Fuming with anger, sick with worry, or just plain bewildered? You’re probably living with a thrill-seeking, risk-embracing teenager, simultaneously capable of precocious wisdom and incredibly foolish choices. Although teen transgressions like driving too fast, skipping curfew, or choosing delinquent pals may seem like personal affronts, this behavior may have very little to do with you at all, says Temple University psychology professor and researcher Laurence Steinberg, PhD. According to Steinberg, teens act differently because their brains are, in fact, different.
Teens don’t act recklessly to test your parental patience or put themselves in harm’s way, says Steinberg. Instead, they are hard-wired to make immature choices, courtesy of their unique, still-developing brain.
New research is illuminating the previously mysterious, misunderstood teenage brain and helping parents and educators determine how best to reach their teens — and how to keep them safe.
Old beliefs about the teenage brain stemmed from the fact that brain growth grinds to a halt after puberty: the brain reaches 90 percent of its adult mass by age 6 and is full-sized by age 12. Few neurons are added as it grows — children’s brains reach peak neuron capacity in utero, and begin losing, or “pruning,” neurons before birth. Based on these basic facts about the brain’s size, scientists theorized that most cerebral development is completed in early childhood.
But the development of magnetic resonance imagining (MRI) in recent decades opened a new window into the adolescent brain. Research and MRI scans conducted by Dr. Jay Giedd, chief of the Unit on Brain Imaging in the Child Psychiatry Branch at the National Institutes of Mental Health, among others, showed that the adolescent brain is still very much under construction. Instead of adding new neurons, though, adolescent brains are busy building and strengthening the pathways between nerve cells; according to Giedd, this ongoing process results in a more efficient brain.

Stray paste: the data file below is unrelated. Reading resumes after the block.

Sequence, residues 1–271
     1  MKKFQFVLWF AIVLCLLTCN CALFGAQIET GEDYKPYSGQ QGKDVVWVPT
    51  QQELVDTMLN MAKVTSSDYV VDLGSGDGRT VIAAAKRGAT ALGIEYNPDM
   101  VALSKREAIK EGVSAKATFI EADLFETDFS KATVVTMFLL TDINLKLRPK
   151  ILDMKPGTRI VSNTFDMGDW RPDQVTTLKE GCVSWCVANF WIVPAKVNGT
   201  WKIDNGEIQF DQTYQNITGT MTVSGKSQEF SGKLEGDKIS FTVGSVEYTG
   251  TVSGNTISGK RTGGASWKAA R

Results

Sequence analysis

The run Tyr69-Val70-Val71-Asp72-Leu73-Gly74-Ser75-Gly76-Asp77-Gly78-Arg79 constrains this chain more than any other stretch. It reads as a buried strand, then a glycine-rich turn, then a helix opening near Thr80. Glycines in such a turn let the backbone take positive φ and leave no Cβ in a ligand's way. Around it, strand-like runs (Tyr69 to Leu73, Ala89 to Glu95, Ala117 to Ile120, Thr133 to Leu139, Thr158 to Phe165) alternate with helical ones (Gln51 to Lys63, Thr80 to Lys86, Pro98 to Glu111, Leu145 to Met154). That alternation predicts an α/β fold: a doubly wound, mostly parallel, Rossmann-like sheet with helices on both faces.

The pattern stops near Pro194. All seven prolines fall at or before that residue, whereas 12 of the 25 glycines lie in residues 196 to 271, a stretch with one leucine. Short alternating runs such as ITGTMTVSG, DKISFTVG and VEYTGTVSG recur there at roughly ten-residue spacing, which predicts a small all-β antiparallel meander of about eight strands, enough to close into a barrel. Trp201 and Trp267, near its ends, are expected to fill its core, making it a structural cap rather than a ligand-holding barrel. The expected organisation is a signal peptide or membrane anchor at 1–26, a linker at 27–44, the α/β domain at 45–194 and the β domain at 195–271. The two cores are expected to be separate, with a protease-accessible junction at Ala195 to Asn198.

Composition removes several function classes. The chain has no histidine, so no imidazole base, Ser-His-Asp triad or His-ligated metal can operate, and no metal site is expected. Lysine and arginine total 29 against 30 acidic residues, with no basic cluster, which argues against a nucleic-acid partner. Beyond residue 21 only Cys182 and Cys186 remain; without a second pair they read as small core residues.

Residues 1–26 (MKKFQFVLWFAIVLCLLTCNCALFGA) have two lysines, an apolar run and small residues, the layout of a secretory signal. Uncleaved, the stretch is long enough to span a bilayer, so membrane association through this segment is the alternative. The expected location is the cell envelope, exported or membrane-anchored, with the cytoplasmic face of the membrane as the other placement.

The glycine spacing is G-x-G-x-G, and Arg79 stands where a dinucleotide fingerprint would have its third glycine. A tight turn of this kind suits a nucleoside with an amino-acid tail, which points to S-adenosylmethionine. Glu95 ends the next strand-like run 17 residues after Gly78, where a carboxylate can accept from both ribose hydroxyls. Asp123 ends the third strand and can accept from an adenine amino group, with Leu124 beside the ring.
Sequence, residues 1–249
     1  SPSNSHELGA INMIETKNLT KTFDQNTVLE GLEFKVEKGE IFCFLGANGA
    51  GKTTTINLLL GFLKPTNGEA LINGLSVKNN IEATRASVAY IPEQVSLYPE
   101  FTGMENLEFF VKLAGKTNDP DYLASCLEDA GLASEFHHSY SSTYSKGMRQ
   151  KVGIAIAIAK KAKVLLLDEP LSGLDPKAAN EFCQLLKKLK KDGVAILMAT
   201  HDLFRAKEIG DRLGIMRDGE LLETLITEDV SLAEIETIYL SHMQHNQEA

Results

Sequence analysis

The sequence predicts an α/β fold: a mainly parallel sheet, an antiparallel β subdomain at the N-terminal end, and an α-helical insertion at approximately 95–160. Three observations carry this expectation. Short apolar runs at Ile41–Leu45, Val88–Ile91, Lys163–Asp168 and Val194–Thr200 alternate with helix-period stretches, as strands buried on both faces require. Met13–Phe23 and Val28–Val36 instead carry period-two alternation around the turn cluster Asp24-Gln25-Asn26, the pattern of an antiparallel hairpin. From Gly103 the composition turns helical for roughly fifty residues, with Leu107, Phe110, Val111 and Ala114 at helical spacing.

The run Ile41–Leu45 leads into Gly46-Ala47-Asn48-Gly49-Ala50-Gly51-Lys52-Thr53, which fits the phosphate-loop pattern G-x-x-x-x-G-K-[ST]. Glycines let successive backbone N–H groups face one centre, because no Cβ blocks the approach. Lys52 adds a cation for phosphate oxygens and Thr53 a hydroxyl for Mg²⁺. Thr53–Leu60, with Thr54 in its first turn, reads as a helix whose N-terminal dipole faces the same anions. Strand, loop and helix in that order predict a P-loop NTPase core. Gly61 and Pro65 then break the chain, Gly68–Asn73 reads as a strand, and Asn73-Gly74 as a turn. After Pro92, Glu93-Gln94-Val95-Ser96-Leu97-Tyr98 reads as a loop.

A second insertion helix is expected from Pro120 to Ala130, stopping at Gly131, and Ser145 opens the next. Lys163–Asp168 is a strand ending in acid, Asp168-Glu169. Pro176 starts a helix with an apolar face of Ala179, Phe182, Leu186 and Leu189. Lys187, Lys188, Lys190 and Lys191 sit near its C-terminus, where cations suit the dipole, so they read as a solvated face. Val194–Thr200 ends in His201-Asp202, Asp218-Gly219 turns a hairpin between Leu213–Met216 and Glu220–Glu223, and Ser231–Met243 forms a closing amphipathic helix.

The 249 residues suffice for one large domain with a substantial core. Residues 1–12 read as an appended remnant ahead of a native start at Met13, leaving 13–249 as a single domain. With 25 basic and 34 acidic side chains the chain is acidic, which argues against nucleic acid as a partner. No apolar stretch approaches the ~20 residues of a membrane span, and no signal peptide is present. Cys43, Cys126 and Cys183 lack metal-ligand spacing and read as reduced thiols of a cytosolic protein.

It does not, however, result in more mature, adult-like brain. Steinberg’s research shows that teens are more likely to make riskier decisions than adults, because the growth of their socio-emotional brain system outpaces the growth of cognitive controls that serve to regulate emotions and behavior. In other words, teenagers are developing more efficient thinking, without the inhibitory controls of the adult brain. These changes continue into young adulthood, probably finishing up between age 22 and 25, says Steinberg.
All this may be bad news for today’s frustrated parents. But the unique structure of a teenage brain probably serves an evolutionary function, says Steinberg: teens’ penchant for risk-taking makes them more independent, which was likely a critical adaptation for reproduction.
“All mammals go through puberty, leave their natal environment and venture out into the wild, which is a very risky behavior,” he notes.
Given the differences between the brains of teens and those of their parents, it’s not hard to understand the parent-teen conflicts that rage during adolescence.